“I really admired her smarts,” she said. “She didn’t like it at Stanford because it wasn’t hard enough.”

And Hesler wasn’t the only one who appreciated her intellect — Nancy Beck, a friend from middle school, became known as “The Other One,” after Beck had always turned her head when someone said, “Nancy,” — but they were always trying to get Paulikas’ attention.

“Since I was known as ‘The Other One’ Nancy became known as ‘The Real One,’ since she was the smarter of the Nancy’s.” Beck said. ”Eventually I just stopped turning around.”

But Paulikas wasn’t all about books and computers, she had a very lively and entertaining side as well, friends said.

Childhood friend Diane Bassett talked about how they watched TV’s “Dark Shadows” — a daytime vampire soap opera that became an odd pop-culture phenomenon — after school.

Paulikas also had a unique collection of high-quality puppets growing up, Bassett said, adding that the squirrel and the owl were among her favorites. The duo would often make up puppet shows and then later perform them from behind the orange sofa in Paulikas’ living room.

“She was the smartest person I think I’ve ever met,” she said. “And a really dear friend.”

After Paulikas’ disappearance, her story became known to many around Southern California.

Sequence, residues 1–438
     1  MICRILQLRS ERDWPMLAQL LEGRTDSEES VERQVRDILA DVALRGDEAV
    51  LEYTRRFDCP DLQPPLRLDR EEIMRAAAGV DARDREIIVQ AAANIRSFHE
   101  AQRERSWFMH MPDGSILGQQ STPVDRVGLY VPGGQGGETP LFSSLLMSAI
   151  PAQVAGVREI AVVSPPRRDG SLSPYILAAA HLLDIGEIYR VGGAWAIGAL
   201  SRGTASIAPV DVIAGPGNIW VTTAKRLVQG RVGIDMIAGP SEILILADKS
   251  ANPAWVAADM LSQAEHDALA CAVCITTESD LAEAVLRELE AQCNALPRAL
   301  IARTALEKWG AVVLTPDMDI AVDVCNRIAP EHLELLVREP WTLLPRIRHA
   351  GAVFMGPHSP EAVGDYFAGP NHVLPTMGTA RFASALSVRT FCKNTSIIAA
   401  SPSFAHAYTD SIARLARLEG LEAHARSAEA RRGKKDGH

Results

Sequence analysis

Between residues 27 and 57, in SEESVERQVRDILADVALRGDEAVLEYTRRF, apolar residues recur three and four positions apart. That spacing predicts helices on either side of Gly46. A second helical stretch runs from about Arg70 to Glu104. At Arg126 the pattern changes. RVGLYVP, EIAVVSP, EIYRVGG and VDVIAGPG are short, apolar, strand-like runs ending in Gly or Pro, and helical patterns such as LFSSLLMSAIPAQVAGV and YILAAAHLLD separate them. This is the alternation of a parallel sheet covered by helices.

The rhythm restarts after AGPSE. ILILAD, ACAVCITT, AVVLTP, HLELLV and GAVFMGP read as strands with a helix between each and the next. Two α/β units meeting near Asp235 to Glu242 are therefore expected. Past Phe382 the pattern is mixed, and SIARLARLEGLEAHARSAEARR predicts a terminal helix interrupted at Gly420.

Los Angeles County Supervisor Janice Hahn said she was heartbroken as the news of Paulikas’ death emerged.

“For two years we have kept hope alive that Nancy would be found safe and could be reunited with her family,” Hahn said in a statement. “Her husband, Kirk, has been so brave. He has not only been unyielding in his search for his wife, but wanted to make sure no one else would have to go through what he did.”

“He is the reason that we now have LA Found, a countywide program to find individuals who wander using trackable bracelets,” the statement added. “I want to thank everyone who continued the search for Nancy. May she Rest In Peace.”

For two years, Paulikas’ whereabouts left her loved ones wondering. But now they plan to turn her story into a way to help others prevent such a tragedy.

“We held out hope and we’re of course disappointed,” Moody said. “The good news of course is that her story has really inspired a lot of efforts resulting in L.A. Found.”

L.A. Found is a countywide program that offers trackable bracelets to those prone to wandering.

It was launched in September and has located three people since, according to Hahn’s office. One was a woman with dementia who went missing a week ago about 2 1/2 miles away from where Paulikas wandered.

Barbra McLendon, director of public policy for Alzheimer’s Greater Los Angeles, credited Paulikas’ family with doing a public service by being open about a disease that is often painful and stigmatized.

“Her family took a tragedy and used it to make changes that are going to help a lot of families to come and I think that’s inspiring and extraordinary,” she said.